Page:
Hydrogen is frequently found as an impurity in semiconducting materials used in the electronics industry. It becomes incorporated during growth or deposition, either deliberately or unintentionally, and can profoundly alter electronic properties even in trace quantities.

In silicon devices hydrogen can mitigate the effects of defects and improve performance but can also act against deliberate dopants if concentrations are too high.

A very different behaviour has recently been found in certain compound semiconductors, where hydrogen itself acts as a dopant, causing electrical conductivity rather than opposing it. Examples include ZnO and InN, both used in opto-electronic applications.

Roger Lichti at Texas Tech University and collaborators used ISIS to model hydrogen-atom behaviour and predict how hydrogen will behave in different materials [Lichti et al., Phys. Rev. Lett. (2008) 101 136403].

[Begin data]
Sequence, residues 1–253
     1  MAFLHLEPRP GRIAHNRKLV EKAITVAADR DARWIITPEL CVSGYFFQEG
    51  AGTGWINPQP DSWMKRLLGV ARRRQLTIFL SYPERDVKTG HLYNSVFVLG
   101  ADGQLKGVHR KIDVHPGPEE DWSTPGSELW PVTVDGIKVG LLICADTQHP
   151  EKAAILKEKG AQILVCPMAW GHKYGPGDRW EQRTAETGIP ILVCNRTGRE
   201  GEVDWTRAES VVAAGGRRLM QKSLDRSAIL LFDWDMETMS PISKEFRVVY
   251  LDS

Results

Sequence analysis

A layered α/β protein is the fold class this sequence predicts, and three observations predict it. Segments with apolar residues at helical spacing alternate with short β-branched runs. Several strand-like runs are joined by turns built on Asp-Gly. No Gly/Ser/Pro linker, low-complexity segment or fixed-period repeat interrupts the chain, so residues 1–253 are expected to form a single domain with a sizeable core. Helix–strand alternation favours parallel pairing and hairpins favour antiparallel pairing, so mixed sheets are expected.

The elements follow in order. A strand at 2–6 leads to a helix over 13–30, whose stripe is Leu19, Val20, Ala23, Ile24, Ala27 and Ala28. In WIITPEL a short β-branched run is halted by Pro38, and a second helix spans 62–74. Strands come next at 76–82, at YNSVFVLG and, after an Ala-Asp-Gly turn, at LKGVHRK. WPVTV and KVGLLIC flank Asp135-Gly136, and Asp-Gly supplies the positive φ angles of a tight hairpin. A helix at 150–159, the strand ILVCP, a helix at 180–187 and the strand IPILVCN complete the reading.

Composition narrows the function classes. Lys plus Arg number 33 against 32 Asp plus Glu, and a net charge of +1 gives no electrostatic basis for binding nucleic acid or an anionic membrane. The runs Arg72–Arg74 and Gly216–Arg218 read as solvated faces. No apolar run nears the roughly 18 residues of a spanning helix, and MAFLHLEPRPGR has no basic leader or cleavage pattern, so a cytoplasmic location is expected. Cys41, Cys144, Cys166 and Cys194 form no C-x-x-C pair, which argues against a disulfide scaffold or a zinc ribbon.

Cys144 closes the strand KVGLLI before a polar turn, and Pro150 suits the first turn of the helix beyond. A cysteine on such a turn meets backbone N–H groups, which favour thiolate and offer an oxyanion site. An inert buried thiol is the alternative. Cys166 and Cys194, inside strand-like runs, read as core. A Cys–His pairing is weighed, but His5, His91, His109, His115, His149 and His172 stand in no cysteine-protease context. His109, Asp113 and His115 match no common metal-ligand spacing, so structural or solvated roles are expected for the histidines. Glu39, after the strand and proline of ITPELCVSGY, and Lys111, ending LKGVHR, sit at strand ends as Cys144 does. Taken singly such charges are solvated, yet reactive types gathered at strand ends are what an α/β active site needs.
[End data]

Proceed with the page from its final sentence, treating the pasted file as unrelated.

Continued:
Hydrogen is often difficult to study directly in semiconductors as it is highly mobile and reactive. Instead, information can now be obtained by using the hydrogen analogue ‘muonium.’

Muonium is formed when positive muons are implanted into a material. Positive muons can act like light protons (muons have a mass of about one ninth that of the proton) when implanted and it is possible to follow the behaviour of muons to find out more about hydrogen behaviour – the lattice sites, charge states and energy levels that hydrogen is likely to form in a semiconductor.

The team's detailed research has demonstrated the underlying principle that enables prediction of hydrogen behaviour in materials where it has not been studied directly.

Their research also shows how muon results are related to their hydrogen atom counterparts.

As an increasing variety of semiconductors are used in electronic devices, this work is important to enable the effects of hydrogen impurity to be properly taken into account and used for the benefit of applications.